The Pentagon is searching for Julian Assange, founder of the website Wikileaks, amidst concerns that the site could publish thousands of international cables from the State Department. The cables are allegedly part of a larger package of material given to Wikileaks by 22-year-old Army Specialist Bradley Manning. In late May police arrested Manning, an intelligence analyst in Iraq, accusing him of downloading confidential material from computers on his base and posting it to WikiLeaks.
We speak with Scott Shane, the National Security reporter for The New York Times. He says that while President Obama's administration was elected on a campaign of government transparency, it is actually following a doctrine of extreme media secrecy. Shane says Obama has, in two years, prosecuted more information-leakers than any other president in history.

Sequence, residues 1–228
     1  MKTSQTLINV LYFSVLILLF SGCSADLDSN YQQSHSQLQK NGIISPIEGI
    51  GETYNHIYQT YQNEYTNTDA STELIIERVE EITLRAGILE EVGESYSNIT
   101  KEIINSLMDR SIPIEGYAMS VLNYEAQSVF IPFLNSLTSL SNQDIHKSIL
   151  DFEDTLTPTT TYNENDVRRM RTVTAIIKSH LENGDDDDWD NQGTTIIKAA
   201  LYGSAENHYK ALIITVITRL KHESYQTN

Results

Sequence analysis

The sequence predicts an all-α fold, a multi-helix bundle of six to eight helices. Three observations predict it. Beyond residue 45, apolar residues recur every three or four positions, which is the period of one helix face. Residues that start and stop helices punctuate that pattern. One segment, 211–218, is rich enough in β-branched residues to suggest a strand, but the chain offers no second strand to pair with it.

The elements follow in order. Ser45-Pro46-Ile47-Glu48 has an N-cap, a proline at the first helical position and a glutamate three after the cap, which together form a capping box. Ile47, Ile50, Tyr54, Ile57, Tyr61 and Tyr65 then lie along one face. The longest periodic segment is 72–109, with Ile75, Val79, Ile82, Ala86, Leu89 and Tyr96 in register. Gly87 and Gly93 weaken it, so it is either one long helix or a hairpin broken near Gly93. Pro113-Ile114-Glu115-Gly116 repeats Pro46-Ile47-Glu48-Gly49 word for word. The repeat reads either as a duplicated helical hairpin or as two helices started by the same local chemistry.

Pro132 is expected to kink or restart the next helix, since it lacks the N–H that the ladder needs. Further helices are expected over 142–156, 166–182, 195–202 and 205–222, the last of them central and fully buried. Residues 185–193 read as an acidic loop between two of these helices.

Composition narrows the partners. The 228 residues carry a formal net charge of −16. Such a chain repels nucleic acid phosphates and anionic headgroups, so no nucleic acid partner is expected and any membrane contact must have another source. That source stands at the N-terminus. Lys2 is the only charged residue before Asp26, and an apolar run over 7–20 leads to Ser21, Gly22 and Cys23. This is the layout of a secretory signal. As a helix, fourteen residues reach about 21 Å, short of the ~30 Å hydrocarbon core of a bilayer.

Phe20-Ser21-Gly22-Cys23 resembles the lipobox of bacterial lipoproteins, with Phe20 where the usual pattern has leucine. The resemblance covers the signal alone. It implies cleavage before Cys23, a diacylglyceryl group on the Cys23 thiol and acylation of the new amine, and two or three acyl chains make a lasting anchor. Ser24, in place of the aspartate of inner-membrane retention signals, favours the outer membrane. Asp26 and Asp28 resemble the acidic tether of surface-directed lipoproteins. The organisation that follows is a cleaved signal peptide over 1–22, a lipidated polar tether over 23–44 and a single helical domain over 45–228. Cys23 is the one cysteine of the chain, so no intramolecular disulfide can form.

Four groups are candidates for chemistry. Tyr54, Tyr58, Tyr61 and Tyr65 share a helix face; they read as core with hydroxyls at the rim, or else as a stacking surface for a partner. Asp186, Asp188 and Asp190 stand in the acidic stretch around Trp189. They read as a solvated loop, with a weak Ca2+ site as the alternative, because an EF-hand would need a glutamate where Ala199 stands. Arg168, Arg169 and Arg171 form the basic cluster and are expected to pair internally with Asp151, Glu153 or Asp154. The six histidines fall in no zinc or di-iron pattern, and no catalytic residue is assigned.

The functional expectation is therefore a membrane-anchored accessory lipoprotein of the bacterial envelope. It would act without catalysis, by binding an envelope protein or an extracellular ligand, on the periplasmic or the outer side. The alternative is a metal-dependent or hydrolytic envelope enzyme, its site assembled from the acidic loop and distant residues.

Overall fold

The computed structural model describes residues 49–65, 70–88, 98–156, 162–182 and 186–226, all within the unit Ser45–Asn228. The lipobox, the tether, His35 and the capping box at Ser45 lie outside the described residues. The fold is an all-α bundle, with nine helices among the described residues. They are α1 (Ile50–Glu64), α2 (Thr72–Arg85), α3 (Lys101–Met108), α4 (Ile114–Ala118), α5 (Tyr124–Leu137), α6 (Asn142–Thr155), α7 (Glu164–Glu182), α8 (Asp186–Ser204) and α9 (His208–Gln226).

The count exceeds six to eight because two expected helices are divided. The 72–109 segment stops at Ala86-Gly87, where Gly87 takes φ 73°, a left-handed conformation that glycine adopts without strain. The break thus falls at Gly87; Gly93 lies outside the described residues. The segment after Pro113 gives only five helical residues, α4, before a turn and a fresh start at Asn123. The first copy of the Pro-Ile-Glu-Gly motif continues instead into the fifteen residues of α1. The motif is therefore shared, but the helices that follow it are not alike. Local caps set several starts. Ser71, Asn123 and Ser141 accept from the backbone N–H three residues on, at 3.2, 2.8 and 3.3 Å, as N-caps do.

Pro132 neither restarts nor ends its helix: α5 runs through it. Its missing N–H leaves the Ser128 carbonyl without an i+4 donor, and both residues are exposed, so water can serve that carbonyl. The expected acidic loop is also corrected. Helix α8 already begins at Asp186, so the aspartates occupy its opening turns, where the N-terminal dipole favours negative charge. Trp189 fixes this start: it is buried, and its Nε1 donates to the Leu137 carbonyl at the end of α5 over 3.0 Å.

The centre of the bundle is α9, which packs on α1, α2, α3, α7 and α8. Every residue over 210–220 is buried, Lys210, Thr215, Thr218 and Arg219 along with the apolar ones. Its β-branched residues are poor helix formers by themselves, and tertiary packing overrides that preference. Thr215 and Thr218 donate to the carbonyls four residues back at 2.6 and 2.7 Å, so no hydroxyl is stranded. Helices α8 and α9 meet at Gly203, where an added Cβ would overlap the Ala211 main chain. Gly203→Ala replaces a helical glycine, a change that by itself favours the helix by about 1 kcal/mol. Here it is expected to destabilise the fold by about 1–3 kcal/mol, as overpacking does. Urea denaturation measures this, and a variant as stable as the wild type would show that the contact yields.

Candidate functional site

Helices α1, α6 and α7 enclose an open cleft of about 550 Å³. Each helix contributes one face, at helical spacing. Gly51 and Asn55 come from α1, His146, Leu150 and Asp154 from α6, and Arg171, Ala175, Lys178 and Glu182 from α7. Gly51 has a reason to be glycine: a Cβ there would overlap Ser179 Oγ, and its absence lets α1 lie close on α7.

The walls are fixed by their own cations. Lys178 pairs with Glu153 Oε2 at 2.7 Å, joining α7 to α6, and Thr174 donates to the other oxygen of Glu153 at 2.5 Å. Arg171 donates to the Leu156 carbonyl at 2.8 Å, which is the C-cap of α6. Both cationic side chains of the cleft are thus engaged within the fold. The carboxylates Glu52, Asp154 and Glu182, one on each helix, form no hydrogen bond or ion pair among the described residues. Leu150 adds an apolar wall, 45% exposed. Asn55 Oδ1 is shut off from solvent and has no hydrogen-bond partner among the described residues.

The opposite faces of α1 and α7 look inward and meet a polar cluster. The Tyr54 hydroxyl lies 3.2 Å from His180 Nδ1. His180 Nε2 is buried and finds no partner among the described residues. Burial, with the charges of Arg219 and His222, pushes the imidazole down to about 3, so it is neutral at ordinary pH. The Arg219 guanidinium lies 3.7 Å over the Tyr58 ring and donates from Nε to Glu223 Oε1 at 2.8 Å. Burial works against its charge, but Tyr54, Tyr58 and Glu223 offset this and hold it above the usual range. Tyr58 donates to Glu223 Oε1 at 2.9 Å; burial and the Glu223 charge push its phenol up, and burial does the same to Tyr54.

The information Manning released included the widely seen video of a 2007 American helicopter strike in Iraq that killed twelve people, including two Reuters reporters. Manning was caught after bragging about his leaks to a former hacker.
Through Manning, Wikileaks reportedly has over 250,000 cables sent by U.S. diplomatic missions. This has led the Obama administration and the Pentagon to initiate the hunt for Assange. It may prove difficult to track him down; the Australian-born Assange has no fixed address, and canceled a scheduled appearance in Las Vegas last week.